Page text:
reconciliation will now have the hope of being heard. The seeds 
of reform will be planted, and the rule of law will emerge. The 
United States and the international community have the 
obligation to support Iraqi people in their quest to end 
impunity in their country.
    Thank you.
    Senator Specter. I thank you very much, Ambassador Prosper.
    We now turn to W. Hays Parks, special assistant to the 
Judge Advocate General of the Army for the Law of War Matters. 
In that capacity, he advises the Army staff on matters ranging 
from special operations to directed-energy warfare. He had the 
primary responsibility for the investigation of Iraqi war 
crimes during Iraq's 1990 to 1991 occupation of Kuwait and 
served as the U.S. representative for the law of war 
negotiations in New York, Geneva, the Hague, and Vienna. Mr. 
Parks occupied the Charles H. Stockton chair of international 
law at the Naval War College in 1984 and 1985.
    Welcome, Mr. Parks, and we look forward to your testimony.


    Mr. Parks. Thank you, sir. Madam Chairman, Senator Specter, 
as Ambassador Prosper did to shorten things, I would like to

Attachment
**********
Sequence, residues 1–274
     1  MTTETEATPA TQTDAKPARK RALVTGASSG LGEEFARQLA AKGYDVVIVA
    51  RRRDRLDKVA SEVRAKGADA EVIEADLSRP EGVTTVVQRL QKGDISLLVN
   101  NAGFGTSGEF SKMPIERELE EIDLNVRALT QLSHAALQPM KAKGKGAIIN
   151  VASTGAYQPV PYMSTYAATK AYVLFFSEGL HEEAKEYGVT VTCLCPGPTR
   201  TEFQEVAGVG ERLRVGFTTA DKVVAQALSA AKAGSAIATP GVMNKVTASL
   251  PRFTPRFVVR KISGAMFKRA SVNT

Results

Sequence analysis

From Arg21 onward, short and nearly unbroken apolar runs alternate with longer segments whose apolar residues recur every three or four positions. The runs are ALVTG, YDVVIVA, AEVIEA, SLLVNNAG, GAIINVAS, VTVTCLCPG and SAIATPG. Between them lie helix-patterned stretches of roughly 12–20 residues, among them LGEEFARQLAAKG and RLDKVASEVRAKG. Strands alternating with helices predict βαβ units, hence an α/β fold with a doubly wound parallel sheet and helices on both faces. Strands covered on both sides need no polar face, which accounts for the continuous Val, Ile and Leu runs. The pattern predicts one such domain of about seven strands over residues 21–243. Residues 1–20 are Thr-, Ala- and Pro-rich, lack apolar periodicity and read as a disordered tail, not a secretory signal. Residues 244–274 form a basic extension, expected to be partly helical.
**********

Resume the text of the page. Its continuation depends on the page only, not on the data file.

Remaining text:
introduce my written text.
    \1\ The prepared statement of Mr. Parks appears in the Appendix on 
page 30.
    Senator Specter. It will be made a part of the record in 
the full.
    Mr. Parks. And I will give a summarized version of that, 
hitting the key points that the Chairman has asked that we look 
at today.
    Senator Specter. Thank you.
    Mr. Parks. Thank you again for inviting me to testify on 
this very important subject. I have been asked to comment on 
the 1949 Geneva Conventions for the Protection of War Victims, 
Department of Defense policies with respect to the law of war 
in the current conflict with Iraq and Iraqi violations of the 
law of war.
    A very short summary on the 1949 Geneva Conventions: These 
were negotiated following World War II. There are four Geneva 
Conventions--one for military wounded and sick; one for 
military wounded, sick, and shipwrecked; one for prisoners of 
war; and one for civilians in enemy hands. Of the 194 Nations 
in the world, 190 are States Parties, including the United 
States and Iraq. There are in fact more governments States 
Parties to these conventions than Member States of the United 
Nations, making them some of the most widely accepted treaties.
    The protections apply when the members of the armed forces 
or civilians of one belligerent nation fall into the hands of 
an enemy belligerent. In the case of prisoners of war, this can 
happen through capture or surrender to enemy military forces.
    The United States and coalition forces conduct all 
operations in compliance with the law of war. That is a long-
standing DOD policy. No nation devotes more resources to 
training and compliance with the laws of war than the United 
States. U.S. and coalition forces have planned for the 
protection and proper treatment of Iraqi prisoners of war under